'Iran and US irritating each other with conflicting statements on nuclear deal'

Lead US negotiator to the Iran talks says parties understood their narratives on the framework deal were likely to be somewhat different.

By REUTERS
April 7, 2015 16:00
1 minute read.
Iran nuclear talks

US Secretary of State John Kerry (L) and Iran's Foreign Minister Mohammad Javad Zarif pose for a photograph before resuming talks over Iran's nuclear program in Lausanne March 16, 2015.. (photo credit: REUTERS)

WASHINGTON - Iran and the United States have irritated each other with conflicting statements made about the nuclear framework agreement reached last week in Switzerland, the lead US negotiator said on Tuesday.

Wendy Sherman, US undersecretary of state for political affairs, was asked about the different interpretations of the deal intended to curb Tehran's nuclear program in exchange for relief from economic sanctions.

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"I think we've each been irritated with each other in some of the things we've said," Sherman told MSNBC in an interview. "Even though we discussed this before we left - we understood that our narratives were likely to be somewhat different - but we pledged to try not to contradict each other."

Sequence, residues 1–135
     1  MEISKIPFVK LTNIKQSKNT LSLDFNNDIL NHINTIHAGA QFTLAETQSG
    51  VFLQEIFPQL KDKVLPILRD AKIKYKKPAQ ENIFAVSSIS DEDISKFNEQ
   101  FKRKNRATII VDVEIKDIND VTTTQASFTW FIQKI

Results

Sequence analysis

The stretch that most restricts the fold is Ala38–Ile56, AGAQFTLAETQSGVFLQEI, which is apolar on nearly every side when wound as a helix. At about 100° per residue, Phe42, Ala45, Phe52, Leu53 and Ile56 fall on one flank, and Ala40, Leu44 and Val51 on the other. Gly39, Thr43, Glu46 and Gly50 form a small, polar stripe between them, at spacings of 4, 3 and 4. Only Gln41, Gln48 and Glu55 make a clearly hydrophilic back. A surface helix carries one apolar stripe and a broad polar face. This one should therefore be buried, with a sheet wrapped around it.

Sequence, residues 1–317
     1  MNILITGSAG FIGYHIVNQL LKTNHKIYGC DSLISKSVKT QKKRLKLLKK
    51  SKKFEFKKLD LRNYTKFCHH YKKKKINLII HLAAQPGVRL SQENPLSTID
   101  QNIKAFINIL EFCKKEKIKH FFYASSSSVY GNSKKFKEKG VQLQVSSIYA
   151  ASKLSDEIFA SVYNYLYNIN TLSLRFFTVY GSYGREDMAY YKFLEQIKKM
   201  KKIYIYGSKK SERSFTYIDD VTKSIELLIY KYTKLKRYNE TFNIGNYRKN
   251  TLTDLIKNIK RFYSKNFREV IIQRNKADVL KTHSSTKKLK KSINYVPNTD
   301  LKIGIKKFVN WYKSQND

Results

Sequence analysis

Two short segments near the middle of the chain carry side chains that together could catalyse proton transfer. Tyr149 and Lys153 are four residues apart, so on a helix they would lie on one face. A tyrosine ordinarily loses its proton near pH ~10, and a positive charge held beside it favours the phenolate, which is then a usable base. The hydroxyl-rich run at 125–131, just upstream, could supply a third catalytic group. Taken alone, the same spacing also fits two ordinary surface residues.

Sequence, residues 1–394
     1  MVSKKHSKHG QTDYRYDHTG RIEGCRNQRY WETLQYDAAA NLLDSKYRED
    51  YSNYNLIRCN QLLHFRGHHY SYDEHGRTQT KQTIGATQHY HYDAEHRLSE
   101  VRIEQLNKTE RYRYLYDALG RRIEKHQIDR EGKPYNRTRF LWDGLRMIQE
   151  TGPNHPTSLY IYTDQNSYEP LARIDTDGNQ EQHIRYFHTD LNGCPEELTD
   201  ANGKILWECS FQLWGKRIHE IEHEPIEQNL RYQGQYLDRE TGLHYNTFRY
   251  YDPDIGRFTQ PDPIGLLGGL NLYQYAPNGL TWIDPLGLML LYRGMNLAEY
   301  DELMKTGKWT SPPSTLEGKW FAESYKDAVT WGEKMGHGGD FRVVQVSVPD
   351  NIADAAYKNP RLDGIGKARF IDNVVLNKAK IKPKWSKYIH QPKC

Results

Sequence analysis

One sticking point has been when sanctions against Iran would end: Iran has said it expected all to be suspended as soon as the agreement takes effect. The United States said they would be phased out gradually, depending on Tehran's compliance.

Despite the different narratives, Sherman said the countries are in broad agreement on the framework. She added, though, much work remains to be done to fill out details by a June 30 deadline.

Sherman has been deeply involved in talks with Russia, China, Britain, France and Germany to end a decade-old standoff over Iran's nuclear program, which the West fears could lead to a nuclear bomb. Iran has denied having nuclear weapons ambitions.

She described the talks as a roller-coaster with 11th-hour moments when the negotiations looked near collapse.

"During this last round in Lausanne there were several times I think on both sides where we said, 'Well, maybe we just can't get there.' Because this is a big puzzle. All the pieces have to fit together and if that last puzzle piece doesn't lock in, you don't have a deal."


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